Ifyou were listening to shuttle radio communications Friday morning around 11a.m. you didn't hear the usual tech-filled jargon between the space shuttleDiscovery crew and Johnson Space Centerin Texas.It's not surprising as the people on the line weren't the usual technicians ormission managers but visitors from Washington, D.C.
NASAsupporters Sen. Kay Bailey Hutchison (R-Texas) and Rep. Tom DeLay(R-Texas) stopped in Friday morning for a tour of Johnson Space Center, which they bothhelp represent on Capitol Hill, and spoke for a few minutes just after 11 a.m.EDT with Eileen Collins, commander of the Discovery.
"Iwant to thank you for taking part in something bigger than all of us," said DeLay, House Majority Leader and one of the strongestsupporters the space agency has in Washington.He noted the flight is the beginning of "the fulfillment of the president'svision" to return to the Moon by 2020 and travel on to Mars. "The space programis up and flying now and we are looking to the future."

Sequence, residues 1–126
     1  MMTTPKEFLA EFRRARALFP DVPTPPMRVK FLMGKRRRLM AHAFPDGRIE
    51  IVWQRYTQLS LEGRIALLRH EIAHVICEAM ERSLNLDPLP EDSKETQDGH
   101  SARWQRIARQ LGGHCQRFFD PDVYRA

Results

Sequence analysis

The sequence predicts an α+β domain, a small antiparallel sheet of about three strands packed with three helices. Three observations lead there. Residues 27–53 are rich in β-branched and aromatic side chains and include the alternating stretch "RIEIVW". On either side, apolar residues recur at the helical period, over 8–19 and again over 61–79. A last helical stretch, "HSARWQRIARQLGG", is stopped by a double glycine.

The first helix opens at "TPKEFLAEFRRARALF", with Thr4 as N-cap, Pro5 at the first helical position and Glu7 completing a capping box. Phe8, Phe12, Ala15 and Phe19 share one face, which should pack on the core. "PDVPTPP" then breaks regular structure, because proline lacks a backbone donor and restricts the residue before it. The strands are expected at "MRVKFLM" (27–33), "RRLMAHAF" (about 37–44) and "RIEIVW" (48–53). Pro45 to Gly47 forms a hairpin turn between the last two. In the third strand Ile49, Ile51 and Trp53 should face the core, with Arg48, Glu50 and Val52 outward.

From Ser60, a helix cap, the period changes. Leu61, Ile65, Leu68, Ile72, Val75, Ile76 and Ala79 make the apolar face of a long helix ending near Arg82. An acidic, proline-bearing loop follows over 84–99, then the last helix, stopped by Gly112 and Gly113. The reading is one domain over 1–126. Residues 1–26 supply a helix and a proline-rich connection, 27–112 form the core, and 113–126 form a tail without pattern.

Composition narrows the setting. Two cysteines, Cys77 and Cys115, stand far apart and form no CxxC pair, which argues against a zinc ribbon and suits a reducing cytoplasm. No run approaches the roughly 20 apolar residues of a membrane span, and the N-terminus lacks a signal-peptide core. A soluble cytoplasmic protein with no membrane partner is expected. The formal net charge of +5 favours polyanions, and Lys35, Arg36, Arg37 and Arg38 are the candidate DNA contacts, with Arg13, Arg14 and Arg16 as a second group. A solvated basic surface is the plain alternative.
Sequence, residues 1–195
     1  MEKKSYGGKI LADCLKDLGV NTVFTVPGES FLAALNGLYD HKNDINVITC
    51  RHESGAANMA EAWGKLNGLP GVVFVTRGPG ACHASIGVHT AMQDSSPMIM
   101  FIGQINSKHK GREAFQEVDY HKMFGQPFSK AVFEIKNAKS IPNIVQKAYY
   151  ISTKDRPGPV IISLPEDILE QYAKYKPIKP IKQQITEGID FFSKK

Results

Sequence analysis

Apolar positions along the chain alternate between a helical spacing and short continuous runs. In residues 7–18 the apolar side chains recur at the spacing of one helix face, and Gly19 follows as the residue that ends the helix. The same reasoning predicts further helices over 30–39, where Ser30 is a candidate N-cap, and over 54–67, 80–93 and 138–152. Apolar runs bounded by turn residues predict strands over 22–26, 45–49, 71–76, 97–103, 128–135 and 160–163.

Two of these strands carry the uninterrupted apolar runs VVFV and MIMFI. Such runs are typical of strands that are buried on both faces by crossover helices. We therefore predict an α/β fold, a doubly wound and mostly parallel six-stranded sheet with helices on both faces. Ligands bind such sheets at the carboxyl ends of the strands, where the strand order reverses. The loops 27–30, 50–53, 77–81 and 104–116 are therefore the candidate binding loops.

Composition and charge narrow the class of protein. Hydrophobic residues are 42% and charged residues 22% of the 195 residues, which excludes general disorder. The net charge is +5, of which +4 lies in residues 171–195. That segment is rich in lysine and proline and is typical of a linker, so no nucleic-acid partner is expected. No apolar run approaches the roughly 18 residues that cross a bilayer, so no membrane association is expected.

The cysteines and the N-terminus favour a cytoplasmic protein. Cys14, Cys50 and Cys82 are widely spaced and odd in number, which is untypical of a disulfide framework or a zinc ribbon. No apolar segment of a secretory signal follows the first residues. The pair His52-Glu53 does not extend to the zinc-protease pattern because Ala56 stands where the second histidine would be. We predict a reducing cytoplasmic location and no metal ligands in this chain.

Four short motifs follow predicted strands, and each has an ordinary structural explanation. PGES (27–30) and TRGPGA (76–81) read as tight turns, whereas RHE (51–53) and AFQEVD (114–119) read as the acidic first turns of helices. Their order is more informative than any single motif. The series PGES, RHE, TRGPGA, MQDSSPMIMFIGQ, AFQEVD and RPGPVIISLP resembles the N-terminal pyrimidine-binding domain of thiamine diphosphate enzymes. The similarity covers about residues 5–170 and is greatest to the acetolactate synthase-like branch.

DeLay made a pointof pointing out the mission demonstrated what could be done by United Statesin space "with our international partners." Those partners have been warilywatching NASA deliberations about how many shuttle flights there will be tofinish the space station. NASA Administrator Mike Griffin has pledged to shelvethe shuttle by 2010.
Collins,on behalf of the crew, thanked DeLay, telling himthey were looking down on at "the beautiful earth" as the shuttle andInternational Space Station sailed across the Atlantic Ocean.
Hutchison,chairman of the Senate Commerce subcommittee on science and space, took a morepersonal approach, telling the commander she had visited that morning withCollins' husband, who the senator said was struggling with the aftermath ofhaving had to buy school supplies for the couple's children for the first time.
Hutchisontold the crew that "everybody on earth is so excited about everything you aredoing" and praised the crew for "a great return to flight."
DeLay, who watchedthe shuttle's launch on Capitol Hill with a group of fellow congressional spacesupporters, told the crew several times he looked forward to their safe return,planned for Monday morning, Aug. 8.
At present, the only majorconcern, aside from the typical risks associated with flying the shuttle backto Earth, is weather at Kennedy Space Centerwhere the orbiter will land at 4:46 a.m. EDT ( 0746 GMT).
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